Cholesterol: the 5 good and effective foods
There is the good one and the bad one, for many it is a real nightmare: we are talking about cholesterol, a useful element for many body functions, but if excessively concentrated in the blood it is also the first suspect of contributing to the development of cardiovascular diseases. But there are foods that help keep it under control, let's see which ones
In the right quantity it is necessary, because it modulates the fluidity of the membranes, prevents the crystallization of fatty acids and is a precursor of many substances important for the correct functioning of the body (such as vitamin D and estrogen). But when there is too much cholesterol (and it happens more and more often, given that 60% of Italians share it) then we must run for cover: the high concentration in the blood (in particular of its "bad" fraction, the LDL) is one of the main risk factors for cardiovascular disease.
In this case, it is necessary to change diet: if it is true that the amount of cholesterol taken in the diet only affects cholesterol by 10-12%, it has however been seen that an incorrect diet (i.e. very rich in triglycerides and saturated fatty acids) increases 30% absorption of cholesterol by the body. Fortunately, there are foods that counteract this mechanism and therefore help reduce the absorption of cholesterol in the blood. Here are the 5 allies in the daily war on cholesterol.
Extra virgin olive oil
What would our diet be without olive oil? In addition to being the tasty and inevitable prince of tables and kitchens, it is an ally of health. And it is very useful in the fight against hypercholesterolemia. Its usual consumption reduces the "bad" fraction of cholesterol (Ldl) and increases the percentage of the "good" one (Hdl). It also decreases the possibility of heart attack by about 30% and helps to keep blood pressure under control. Extra virgin olive oil is useful throughout life, especially from maturity onwards, as it provides "good" fats, which help fight age-related cognitive decline, as well as polyphenols and vitamin E, which with their antioxidant action helps to prevent arteriosclerosis by slowing down aging.
More than a fruit, we could define it as a mini meal since it is one of the most complete foods ever, but also a "superfood", because it provides many important nutrients, such as antioxidants, minerals and fibers. Above all, avocado is a mine of fats (it provides 23% of it, therefore, pay attention to calories) but of excellent quality: it is, in fact, the beneficial monounsaturated fats, which are particularly important for cardiovascular prevention. In fact, they help to counteract cholesterol levels in the blood, reducing the risk of heart disease and heart attacks.
Another property of avocado is its ability to regulate blood pressure, thanks to its high content of magnesium and potassium, which are important for the good functioning of the cardiovascular system.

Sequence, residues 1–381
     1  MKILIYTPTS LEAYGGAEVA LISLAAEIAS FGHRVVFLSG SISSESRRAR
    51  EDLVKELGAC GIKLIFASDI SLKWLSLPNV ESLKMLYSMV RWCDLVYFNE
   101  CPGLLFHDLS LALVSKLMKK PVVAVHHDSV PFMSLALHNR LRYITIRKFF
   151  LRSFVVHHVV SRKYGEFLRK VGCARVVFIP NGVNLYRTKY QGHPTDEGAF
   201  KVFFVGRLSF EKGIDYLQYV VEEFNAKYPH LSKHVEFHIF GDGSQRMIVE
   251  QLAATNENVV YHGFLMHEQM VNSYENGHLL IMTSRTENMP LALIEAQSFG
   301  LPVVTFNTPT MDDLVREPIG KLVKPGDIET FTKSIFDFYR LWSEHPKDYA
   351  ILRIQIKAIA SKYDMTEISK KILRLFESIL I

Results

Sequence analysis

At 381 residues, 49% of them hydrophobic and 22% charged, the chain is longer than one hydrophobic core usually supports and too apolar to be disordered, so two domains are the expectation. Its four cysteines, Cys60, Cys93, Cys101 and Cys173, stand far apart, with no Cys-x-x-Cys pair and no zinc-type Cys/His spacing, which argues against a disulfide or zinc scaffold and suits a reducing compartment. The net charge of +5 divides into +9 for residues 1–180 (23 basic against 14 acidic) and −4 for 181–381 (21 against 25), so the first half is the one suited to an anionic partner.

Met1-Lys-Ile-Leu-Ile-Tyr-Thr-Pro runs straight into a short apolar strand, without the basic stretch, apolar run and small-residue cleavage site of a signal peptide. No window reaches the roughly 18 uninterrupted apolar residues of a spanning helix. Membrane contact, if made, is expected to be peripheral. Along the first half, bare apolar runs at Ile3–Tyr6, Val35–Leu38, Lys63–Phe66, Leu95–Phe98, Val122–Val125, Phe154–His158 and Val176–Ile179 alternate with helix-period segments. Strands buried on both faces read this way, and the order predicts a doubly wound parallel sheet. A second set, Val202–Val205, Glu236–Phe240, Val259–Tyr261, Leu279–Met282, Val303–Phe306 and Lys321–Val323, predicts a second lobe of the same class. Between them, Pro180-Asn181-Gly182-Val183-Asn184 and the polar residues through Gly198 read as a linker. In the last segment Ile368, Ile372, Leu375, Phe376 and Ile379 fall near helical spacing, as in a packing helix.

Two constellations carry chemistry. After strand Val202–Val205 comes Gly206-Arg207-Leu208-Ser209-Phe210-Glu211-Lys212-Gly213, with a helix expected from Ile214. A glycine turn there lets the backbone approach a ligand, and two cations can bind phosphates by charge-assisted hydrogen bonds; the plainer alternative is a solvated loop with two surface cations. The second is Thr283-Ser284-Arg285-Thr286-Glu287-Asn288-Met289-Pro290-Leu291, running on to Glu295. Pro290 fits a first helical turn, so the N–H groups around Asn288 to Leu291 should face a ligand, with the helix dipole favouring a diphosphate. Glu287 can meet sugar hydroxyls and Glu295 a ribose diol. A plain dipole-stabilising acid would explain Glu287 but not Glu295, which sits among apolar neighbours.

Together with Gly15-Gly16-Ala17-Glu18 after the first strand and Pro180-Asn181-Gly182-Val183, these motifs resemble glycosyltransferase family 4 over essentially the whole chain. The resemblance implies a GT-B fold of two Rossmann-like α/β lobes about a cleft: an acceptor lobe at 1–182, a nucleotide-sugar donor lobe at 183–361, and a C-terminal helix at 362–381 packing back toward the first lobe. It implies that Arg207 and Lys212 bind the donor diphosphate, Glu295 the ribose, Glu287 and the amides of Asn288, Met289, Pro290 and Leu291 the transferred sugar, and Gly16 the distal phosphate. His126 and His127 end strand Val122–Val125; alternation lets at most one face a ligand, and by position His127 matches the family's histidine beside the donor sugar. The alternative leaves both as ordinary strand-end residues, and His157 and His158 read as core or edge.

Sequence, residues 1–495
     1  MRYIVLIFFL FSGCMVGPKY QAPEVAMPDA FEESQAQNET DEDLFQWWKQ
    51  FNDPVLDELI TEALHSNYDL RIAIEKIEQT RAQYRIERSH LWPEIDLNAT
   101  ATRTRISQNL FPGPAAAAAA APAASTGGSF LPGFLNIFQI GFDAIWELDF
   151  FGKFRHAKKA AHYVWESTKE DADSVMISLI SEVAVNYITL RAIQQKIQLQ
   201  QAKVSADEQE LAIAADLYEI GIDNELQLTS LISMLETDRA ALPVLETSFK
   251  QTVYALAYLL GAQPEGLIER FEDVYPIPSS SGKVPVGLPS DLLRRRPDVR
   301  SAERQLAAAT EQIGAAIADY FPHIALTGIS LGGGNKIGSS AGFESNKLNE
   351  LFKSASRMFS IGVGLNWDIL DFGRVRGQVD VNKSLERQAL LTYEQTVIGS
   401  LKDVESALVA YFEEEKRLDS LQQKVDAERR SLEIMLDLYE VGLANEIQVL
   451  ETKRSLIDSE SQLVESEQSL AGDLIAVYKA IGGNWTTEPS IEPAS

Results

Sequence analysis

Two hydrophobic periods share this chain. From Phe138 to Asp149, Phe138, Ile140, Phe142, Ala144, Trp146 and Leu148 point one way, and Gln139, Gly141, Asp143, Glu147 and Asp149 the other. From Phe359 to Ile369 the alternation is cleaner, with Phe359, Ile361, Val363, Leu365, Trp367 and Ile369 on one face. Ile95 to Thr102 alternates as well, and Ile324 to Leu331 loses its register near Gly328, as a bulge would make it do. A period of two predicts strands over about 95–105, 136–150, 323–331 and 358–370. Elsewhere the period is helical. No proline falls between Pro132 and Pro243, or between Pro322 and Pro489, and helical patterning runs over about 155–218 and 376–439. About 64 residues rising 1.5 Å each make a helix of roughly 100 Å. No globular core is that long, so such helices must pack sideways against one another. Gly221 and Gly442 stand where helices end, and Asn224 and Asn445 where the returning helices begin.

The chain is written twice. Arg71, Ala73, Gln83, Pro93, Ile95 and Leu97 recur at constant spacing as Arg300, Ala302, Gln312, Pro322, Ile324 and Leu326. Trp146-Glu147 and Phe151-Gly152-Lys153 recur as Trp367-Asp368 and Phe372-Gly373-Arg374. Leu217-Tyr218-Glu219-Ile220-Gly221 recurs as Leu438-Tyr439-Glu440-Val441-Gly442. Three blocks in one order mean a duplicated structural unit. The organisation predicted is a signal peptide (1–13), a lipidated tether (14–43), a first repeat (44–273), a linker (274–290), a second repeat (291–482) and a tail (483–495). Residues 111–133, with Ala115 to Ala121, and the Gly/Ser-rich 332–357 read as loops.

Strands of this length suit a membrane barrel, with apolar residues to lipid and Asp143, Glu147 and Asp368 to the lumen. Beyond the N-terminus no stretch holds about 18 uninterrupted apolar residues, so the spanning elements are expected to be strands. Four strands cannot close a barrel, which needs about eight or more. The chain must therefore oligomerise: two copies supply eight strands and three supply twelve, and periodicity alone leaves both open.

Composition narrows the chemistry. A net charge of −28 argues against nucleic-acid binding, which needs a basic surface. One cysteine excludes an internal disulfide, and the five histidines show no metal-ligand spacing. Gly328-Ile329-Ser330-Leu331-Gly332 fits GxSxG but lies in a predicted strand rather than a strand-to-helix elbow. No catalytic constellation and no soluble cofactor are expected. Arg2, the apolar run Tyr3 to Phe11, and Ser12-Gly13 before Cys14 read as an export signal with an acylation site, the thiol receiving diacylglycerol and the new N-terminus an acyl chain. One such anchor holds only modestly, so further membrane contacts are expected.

Fundamental in the nutrition of pre-Columbian civilizations, chia seeds are small reservoirs of soluble and insoluble carbohydrates, proteins, lipids and fibers. A concentrate of energy that justifies their name: in fact, in the Mayan language "chia" means strength. What makes them interesting in fighting cholesterol is that chia seeds are rich in Omega-3 fatty acids, which are effective in reducing plasma cholesterol levels. They are also useful in case of high blood pressure because chia seeds are able to regulate blood pressure.
These benefits add up to other interesting characteristics of chia seeds: their protein quality, since they provide all the essential amino acids, which makes them superior to other vegetables, such as legumes. And then the fact that they give a good sense of satiety, capable of lasting for a long time: an effect to be exploited when you decide to go on a diet to lose a few pounds.
"The crying fruits", as the Brazilian Indians define them, have shown interesting antioxidant properties and also a certain power to lower cholesterol levels in the blood, due to the combination of high levels of fiber and plant sterols, essential for safeguarding the blood vessels. and make the walls of the arteries more elastic.
In the fight against excess cholesterol, then, açai has an extra gear: the synergy between different monounsaturated fatty acids (such as linoleic acid and oleic acid) which help keep cell membranes healthy and promote in particular the lowering of “bad" cholesterol (Ldl). Due to the proportion between the different fatty acids, açai has such a virtuous profile that it is close to that of olive oil.
Oats are particularly rich in “noble" fibers: these are beta-glucans, which favor the elimination of fats with feces. Even bile acids undergo the same mechanism: in this way, to synthesize new ones, the body needs LDL cholesterol and goes to "fish" it in the blood. This is how beta-glucans absorb less cholesterol from food and reduce its concentration in the blood. 3 grams of beta-glucans are enough every day per meal to be able to reduce cholesterolemia by up to 9% within six weeks.
The benefits of oats do not end there: beta-glucans also loosen the absorption of sugars, and therefore help reduce post-meal blood sugar and insulin secretion. Furthermore, by absorbing water, these fibers promote a sense of satiety. Finally, they also help the development of a good intestinal flora.